Devil's Attorney


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Rating: 4.4/5 (28 votes)
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Devil's Attorney

JohnBIf you want all the drama, passion, suspense and intricacies of the courtroom, the best way to get it is to go to school, study really hard for several years, then bribe—Nah, just kidding! You can easily get your fix by watching TV, reading a bunch of fiction books, and playing games like Devil's Attorney, a new simulation from 1337 Game Design that's one part comedy, one part 1980s culture, and maybe two parts lawyering, all carried out via a snazzy touch interface that's much more entertaining than studying case files and figuring out what habeas corpus means.

Devil's AttorneyDevil's Attorney is all about Max McMann, attorney and all around man with a plan. He's suave, he's hip, he's got a great suit, and he apparently wears a perfume called Success, which in our minds means he smells like a cross between rubbing alcohol and Brylcreem. Max works out of a small office and takes on cases one by one, going against some of the toughest/craziest lawyers in the city. Winning cases earns Max money, and you can spend that money to upgrade the apartment which unlocks new abilities to use in the courtroom. It's very much like a light RPG in that nature, though it's thoroughly casual in design and form.

Courtroom battles play out like a law-infused game of touch combat, presenting Max and his moves on the left and the opposing council on the right. Each "enemy" is armed with a damage score, health points, and possibly a special ability or two, all spelled out beside their picture. Scrolling through your list of talents, you can unleash attacks that directly damage witnesses, lawyers or evidence, reduce their attack power, render them inert, or recover your own "health". Each ability consumes action points, and when you run out of action points, your turn ends and the other side gets to take their turn. Survive through to the end and you just might live to lawyer another day!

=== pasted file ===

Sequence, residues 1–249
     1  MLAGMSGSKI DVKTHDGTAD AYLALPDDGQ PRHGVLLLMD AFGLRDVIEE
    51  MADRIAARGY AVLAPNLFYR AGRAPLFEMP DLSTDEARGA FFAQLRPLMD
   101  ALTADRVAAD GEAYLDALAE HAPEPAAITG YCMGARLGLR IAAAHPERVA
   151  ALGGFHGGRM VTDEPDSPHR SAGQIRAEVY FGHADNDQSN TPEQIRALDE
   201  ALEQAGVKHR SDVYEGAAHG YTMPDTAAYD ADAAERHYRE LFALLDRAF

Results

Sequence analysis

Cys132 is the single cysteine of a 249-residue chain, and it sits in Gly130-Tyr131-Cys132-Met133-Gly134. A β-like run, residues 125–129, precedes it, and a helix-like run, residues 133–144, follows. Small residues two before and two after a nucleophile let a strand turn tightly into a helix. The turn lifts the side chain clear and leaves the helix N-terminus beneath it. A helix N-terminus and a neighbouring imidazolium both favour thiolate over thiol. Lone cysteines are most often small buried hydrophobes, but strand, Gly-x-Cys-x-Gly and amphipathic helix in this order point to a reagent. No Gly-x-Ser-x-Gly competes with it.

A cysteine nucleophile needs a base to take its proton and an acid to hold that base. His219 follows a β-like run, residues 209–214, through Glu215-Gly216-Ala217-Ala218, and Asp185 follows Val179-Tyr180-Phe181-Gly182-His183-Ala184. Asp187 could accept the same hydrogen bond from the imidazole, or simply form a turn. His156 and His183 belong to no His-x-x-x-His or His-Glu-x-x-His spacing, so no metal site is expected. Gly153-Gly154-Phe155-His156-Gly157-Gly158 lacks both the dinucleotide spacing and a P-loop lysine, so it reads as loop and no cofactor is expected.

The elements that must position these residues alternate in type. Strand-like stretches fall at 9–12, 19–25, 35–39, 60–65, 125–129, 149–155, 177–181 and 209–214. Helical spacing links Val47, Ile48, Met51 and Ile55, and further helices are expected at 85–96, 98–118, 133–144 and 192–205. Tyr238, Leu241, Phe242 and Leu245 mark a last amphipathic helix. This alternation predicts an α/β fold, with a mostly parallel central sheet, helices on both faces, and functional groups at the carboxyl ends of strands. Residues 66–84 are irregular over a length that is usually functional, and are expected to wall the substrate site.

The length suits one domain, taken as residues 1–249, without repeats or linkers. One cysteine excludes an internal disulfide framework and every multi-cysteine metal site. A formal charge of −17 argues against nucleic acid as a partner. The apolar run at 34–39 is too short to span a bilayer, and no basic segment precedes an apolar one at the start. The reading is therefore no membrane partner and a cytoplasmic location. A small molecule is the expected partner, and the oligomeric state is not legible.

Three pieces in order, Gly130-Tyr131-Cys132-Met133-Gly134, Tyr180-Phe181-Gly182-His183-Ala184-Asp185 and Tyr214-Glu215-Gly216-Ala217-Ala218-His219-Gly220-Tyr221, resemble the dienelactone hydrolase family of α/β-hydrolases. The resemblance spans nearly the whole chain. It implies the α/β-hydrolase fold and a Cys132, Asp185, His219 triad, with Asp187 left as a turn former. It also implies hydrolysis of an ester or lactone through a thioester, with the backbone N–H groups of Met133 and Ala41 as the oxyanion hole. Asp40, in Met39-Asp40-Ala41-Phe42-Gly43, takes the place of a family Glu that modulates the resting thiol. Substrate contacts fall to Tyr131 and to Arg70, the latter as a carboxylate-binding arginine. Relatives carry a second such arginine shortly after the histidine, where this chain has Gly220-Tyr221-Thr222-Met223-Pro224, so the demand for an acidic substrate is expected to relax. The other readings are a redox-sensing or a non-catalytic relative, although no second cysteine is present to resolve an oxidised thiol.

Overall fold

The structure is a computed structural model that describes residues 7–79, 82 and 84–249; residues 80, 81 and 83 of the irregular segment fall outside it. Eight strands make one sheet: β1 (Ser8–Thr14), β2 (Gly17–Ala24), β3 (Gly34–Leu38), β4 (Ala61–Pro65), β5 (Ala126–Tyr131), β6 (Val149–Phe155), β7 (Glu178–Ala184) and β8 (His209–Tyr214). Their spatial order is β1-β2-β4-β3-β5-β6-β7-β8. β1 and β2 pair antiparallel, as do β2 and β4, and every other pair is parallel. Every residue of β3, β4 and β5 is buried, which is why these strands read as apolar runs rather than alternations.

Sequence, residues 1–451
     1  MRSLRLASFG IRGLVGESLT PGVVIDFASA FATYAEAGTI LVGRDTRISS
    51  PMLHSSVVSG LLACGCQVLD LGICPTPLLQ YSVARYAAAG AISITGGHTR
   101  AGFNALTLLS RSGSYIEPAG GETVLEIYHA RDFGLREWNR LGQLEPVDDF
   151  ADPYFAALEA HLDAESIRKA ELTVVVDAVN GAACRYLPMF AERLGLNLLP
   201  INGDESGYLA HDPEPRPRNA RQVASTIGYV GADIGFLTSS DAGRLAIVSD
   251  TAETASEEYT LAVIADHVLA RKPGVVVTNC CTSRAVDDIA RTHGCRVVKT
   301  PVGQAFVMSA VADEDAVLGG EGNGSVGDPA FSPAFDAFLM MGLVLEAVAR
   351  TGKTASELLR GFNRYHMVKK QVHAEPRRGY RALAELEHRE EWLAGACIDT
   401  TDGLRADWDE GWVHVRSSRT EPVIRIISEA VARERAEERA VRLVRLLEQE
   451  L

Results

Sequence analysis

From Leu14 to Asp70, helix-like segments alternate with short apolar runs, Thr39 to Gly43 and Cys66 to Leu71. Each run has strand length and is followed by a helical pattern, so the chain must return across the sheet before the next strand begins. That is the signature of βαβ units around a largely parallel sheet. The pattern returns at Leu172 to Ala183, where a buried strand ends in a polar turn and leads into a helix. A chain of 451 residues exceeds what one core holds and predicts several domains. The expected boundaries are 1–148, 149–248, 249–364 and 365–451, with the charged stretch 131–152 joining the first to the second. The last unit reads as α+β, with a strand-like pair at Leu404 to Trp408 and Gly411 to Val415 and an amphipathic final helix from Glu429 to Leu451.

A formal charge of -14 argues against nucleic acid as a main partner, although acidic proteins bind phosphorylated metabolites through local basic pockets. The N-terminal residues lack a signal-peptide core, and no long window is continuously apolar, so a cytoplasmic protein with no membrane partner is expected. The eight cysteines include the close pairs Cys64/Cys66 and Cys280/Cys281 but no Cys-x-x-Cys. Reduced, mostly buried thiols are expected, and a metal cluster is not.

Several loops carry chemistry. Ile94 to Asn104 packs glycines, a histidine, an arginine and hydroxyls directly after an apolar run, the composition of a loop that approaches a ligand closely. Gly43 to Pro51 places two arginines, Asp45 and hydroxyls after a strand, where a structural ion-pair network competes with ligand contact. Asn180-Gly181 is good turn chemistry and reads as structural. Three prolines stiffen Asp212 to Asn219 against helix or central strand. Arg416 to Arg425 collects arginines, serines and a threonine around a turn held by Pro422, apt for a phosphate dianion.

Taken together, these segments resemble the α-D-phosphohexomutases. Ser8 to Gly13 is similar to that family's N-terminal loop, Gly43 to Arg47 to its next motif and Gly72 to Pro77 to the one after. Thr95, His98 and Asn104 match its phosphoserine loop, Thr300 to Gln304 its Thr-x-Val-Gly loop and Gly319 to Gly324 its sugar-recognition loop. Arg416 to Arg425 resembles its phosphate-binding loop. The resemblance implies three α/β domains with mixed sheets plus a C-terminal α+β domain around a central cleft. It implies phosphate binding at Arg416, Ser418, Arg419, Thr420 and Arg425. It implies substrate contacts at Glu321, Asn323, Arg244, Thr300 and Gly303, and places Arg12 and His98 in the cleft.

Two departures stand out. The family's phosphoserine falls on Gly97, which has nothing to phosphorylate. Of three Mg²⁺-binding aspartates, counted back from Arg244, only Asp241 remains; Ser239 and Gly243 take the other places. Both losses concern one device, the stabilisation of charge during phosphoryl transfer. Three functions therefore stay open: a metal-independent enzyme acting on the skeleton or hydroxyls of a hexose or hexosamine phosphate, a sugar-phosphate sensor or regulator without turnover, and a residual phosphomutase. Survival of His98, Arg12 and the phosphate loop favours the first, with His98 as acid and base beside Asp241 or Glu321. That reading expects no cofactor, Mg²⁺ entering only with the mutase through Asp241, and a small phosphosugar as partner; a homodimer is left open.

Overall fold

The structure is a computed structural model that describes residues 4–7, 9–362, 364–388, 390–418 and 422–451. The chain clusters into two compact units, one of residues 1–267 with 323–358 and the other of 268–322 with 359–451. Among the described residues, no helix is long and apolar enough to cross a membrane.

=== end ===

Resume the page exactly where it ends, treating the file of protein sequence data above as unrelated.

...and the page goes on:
Devil's AttorneyAnalysis: Initially described as a game that drew inspiration from Phoenix Wright, Devil's Attorney isn't your typical investigation-based mystery solving experience. Instead, it's almost like a hybrid game of Puzzle Quest with enemies and skills to earn and use in combat, all played out in a strategic sort of way. You even get to trace your way up a skill tree by adding new furniture to Max's apartment, which is probably the snazziest way to gain abilities in casual gaming history!

Gameplay alternates between courtroom battle and the between rounds skill optimization, but most of your time will be spent facing off against opponents. Unfortunately, this can lead to a bit of repetition later in the game, as the basic formula presented early on remains true to the end. In true casual form, though, it's expected you're not here to play through the game in a single sitting, so kick back and take a leisurely approach to winning the world over with your smile.

If you're an 80s guy or gal, you'll certainly get a kick out of Devil's Attorney. Even if you're not, this is a stylish and casual simulation game with a great sense of humor, some lovely voice acting, and a nice sense of progression that will keep you tampering with evidence all afternoon long.

NOTE: This game was played and reviewed on an iPad. Game was available in the North American market at the time of publication, but may not be available in other territories. Please see individual app market pages for purchasing info.

4 Comments

ChaoSpectre Author Profile Page October 13, 2012 1:42 PM

Devil's Attorney is an excellent experience and well worth the price point. For reference, I purchased the game yesterday, and completed it this morning at the "Hard" difficulty.

-The art style is vivid and carefully evocative of the game's epoch. When combined with the music (which also magically hits the sweet spot of the 80s in a variety of ways), the game's aesthetic has the potential to forcibly bring back a decade you thought you had left behind. (The game's aesthetic polish is undeniable, but the point of that polish may be lost on younger players.)